Wynne v. Ludman CorporationAnnotate this Case
79 So. 2d 690 (1955)
Charles T. WYNNE, Appellant, v. LUDMAN CORPORATION, a Florida corporation, Appellee.
Supreme Court of Florida. Special Division B.
April 20, 1955.
Philip T. Weinstein and Paul A. Louis, Miami, for appellant.
Douglas D. Batchelor, Davis S. Batcheller and Smathers, Thompson, Maxwell & Dyer, Miami, for appellee.
MATHEWS, Chief Justice.
In this case the appellant, plaintiff below, in his amended complaint alleged a definite contract, dated in May, 1952, whereby the appellee agreed to pay him $6,000 per year, together with a bonus of $2,000, and that it was mutually understood by the parties that the contract was to be a permanent one for one year. During said year the appellant received the sum of $6,000 and further alleged that he received certain sums as a bonus, including $300 advance on his bonus; that the appellee required the signing of promissory notes for a so-called formality, and secured said notes on the appellant's automobile. The complaint then alleged that during May, 1953, he (appellant) held over and continued in the employment of the appellee without any new express agreement and thereby the appellee elected to continue the employment of the appellant for the year beginning on the 12th of May, 1953, upon the same terms and the same compensation as provided for and agreed to in the original contract of May, 1952, and that by reason of the said holding over between the appellee and appellant, the appellee employed appellant for a period of one year as aforesaid; that on the 8th day of July, 1953, the appellee, without notice, justification or cause, suddenly informed the appellant that his services were to be terminated on the same date and refused to permit appellant to continue therein. This suit is a result of the alleged agreement.
The Court refused to dismiss the amended complaint and in effect held that it stated a cause of action as the appellant proved the allegations thereof and required the appellee to answer. In the answer appellee denied the material allegations of the amended complaint that there was any employment for a definite period of time at a definite salary with a bonus in addition thereto, and also filed a counter-claim in which appellee claimed that it loaned the appellant various sums of money and that at the time of making said loans the appellant executed and delivered to appellee certain promissory notes, copies of which were attached to the counter-claim. Appellee claimed that it was still the owner and holder of said notes and payment had been refused by appellant and that there was due to appellee (Ludman Corporation) the principal sum of $1,450, with interest and attorney's fees.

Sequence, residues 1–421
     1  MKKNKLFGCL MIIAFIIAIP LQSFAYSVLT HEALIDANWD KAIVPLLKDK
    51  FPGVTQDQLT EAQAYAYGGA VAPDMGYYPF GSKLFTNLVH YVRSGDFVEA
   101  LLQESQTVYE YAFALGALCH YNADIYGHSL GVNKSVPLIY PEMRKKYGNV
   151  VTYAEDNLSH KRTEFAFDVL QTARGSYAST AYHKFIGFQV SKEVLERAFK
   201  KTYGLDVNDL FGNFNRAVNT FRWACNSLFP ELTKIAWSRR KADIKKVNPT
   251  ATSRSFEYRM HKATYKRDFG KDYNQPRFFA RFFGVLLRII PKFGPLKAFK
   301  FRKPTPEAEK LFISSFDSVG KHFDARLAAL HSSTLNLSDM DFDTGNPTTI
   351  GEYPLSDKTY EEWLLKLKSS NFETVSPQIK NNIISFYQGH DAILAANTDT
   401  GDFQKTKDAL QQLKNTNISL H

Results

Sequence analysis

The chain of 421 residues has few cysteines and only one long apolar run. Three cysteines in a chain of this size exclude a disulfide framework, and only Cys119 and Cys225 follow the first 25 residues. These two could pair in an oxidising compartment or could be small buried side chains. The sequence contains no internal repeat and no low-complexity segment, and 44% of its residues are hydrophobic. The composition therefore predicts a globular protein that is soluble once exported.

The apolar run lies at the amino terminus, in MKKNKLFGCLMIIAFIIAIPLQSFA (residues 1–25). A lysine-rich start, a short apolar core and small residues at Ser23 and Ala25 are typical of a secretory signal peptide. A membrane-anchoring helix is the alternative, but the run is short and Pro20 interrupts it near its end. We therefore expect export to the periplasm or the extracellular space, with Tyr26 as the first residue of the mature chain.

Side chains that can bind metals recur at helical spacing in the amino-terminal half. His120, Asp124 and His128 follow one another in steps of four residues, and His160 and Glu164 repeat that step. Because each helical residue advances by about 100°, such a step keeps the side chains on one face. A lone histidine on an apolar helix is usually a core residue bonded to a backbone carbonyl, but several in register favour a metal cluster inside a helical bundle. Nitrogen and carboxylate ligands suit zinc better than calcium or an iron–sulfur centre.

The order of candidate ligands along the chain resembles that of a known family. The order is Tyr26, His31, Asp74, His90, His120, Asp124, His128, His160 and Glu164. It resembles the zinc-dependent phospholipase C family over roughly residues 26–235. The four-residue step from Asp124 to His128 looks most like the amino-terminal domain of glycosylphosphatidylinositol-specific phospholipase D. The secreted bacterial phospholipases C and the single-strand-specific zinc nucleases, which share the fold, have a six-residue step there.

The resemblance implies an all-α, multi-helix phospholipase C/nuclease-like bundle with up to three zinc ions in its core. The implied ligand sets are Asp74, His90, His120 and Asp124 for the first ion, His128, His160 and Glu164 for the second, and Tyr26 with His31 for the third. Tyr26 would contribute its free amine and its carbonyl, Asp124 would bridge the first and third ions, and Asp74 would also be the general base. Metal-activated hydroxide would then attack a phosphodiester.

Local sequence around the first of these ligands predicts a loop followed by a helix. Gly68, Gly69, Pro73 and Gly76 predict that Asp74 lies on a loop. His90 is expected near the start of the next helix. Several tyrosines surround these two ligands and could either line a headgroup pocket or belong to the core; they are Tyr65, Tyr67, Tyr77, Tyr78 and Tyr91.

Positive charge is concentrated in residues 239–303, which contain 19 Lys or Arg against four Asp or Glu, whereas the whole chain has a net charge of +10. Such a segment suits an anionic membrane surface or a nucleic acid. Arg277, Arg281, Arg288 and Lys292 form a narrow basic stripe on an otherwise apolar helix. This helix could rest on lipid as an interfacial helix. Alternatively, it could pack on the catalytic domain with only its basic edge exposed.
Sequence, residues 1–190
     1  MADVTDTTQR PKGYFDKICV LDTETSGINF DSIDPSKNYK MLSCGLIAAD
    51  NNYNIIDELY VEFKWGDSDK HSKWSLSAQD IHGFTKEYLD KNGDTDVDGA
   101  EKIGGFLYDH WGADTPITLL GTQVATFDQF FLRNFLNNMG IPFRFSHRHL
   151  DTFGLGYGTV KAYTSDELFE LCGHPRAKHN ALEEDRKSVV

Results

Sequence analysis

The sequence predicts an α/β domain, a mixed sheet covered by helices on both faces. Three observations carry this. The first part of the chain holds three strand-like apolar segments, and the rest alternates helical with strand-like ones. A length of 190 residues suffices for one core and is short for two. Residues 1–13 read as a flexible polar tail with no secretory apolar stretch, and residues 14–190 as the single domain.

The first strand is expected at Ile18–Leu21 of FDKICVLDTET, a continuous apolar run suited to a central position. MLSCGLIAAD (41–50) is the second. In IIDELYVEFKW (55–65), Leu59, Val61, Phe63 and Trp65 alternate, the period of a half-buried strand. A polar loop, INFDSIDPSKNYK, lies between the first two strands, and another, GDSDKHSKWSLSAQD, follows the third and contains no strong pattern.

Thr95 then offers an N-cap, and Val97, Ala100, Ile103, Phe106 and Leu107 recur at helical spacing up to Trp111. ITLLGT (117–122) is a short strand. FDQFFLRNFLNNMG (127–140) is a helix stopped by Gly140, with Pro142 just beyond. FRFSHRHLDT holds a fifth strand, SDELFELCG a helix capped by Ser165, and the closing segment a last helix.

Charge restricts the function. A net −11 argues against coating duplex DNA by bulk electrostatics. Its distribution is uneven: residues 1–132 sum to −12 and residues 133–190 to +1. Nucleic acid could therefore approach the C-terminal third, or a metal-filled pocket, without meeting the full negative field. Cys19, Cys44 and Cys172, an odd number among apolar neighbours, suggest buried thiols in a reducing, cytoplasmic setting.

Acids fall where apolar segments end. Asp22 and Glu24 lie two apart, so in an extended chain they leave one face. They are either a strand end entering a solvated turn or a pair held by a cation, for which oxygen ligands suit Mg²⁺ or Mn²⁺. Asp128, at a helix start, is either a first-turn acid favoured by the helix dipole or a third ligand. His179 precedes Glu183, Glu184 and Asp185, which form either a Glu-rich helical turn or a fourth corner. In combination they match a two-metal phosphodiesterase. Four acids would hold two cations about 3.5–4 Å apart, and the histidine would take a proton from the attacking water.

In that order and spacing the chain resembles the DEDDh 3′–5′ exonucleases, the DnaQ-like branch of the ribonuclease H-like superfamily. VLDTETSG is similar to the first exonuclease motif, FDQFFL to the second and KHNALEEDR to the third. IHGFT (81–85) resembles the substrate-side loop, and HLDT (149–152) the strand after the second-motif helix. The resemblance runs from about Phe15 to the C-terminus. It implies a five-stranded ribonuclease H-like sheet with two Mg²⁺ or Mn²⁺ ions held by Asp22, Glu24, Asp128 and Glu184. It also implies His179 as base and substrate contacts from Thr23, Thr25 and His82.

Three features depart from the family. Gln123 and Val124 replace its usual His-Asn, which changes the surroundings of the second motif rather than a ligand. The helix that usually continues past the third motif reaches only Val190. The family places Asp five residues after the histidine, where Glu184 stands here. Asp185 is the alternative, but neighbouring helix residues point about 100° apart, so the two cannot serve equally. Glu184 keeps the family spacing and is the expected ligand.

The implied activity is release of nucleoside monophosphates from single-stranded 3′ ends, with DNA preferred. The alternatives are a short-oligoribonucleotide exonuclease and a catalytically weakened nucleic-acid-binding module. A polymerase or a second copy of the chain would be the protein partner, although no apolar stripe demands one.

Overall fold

Thereafter, appellee filed a motion for summary judgment upon the pleadings and the discovery deposition on the ground that there was no genuine issue as to any material fact, and that appellee was entitled to judgment as a matter of law.
The deposition showed that the appellant in this case was a man of wide experience, a college graduate and an attorney at law. In the depositions of appellant, he testified *691 unequivocally that he had been employed at a salary of $500 per month, that there was no definite time for employment, and that the employment could be terminated by the appellee at any time. He testified without hesitation that the employment could be terminated at will and that his salary was $500 per month, payable semi-monthly.
With reference to the bonus his only explanation was that the notes were a mere formality. The record shows that he was highly educated, could read and understand the English language and he offered no satisfactory excuse for signing the notes or any direct or positive agreement that a bonus would be paid.
The deposition of appellant taken under oath was uncontradicted and was at most that his employment was on a month-to-month basis and could be terminated at any time regardless of the quality of his work. His testimony did not support the allegations of the amended complaint but proved the answer of the appellee as to the term and salary agreed upon for the employment.
In the case of Savannah, F. & W.R. Co. v. Willett, 43 Fla. 311, 31 So. 246, 247, this Court said:"No action can be maintained for the breach of a contract to employ unless there is some stipulation as to the length of time for which the employment shall continue. Blaisdell v. Lewis, 32 Me. 515, De Briar v. Minturn, 1 Cal. 450. If a term of employment be discretionary with either party, or be indefinite, either party may terminate it at any time."
In Knudsen v. Green, 116 Fla. 47, 156 So. 240, 242, this Court said:"An agreement to serve and be served at so much per month, with no stipulation as to the term of the services, is determinable at the end of any month at the pleasure of either party to the contract, because a contract for employment fixing an amount to be paid at stated intervals, but with no time limit for its ending, must be construed as a contract terminable at the end of any month by either party at pleasure."
In this state of the record there was no dispute as to any material issue of fact and there was nothing to submit to a jury. The trial court had no alternative but to find that there was no genuine issue as to any material fact and enter summary judgment in favor of the appellee.
Appellant also raises the additional question that the facts involved were so enmeshed that the court could not dispose of the claim of the appellant without also disposing of the counter-claim of appellee. There is no merit in this contention.
TERRELL, HOBSON and DREW, JJ., concur.